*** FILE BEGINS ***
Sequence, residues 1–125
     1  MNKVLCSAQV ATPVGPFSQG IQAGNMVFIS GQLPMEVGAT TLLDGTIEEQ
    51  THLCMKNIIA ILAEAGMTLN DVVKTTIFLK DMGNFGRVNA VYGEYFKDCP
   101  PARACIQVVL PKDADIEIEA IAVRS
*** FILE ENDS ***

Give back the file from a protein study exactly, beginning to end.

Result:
Sequence, residues 1–125
     1  MNKVLCSAQV ATPVGPFSQG IQAGNMVFIS GQLPMEVGAT TLLDGTIEEQ
    51  THLCMKNIIA ILAEAGMTLN DVVKTTIFLK DMGNFGRVNA VYGEYFKDCP
   101  PARACIQVVL PKDADIEIEA IAVRS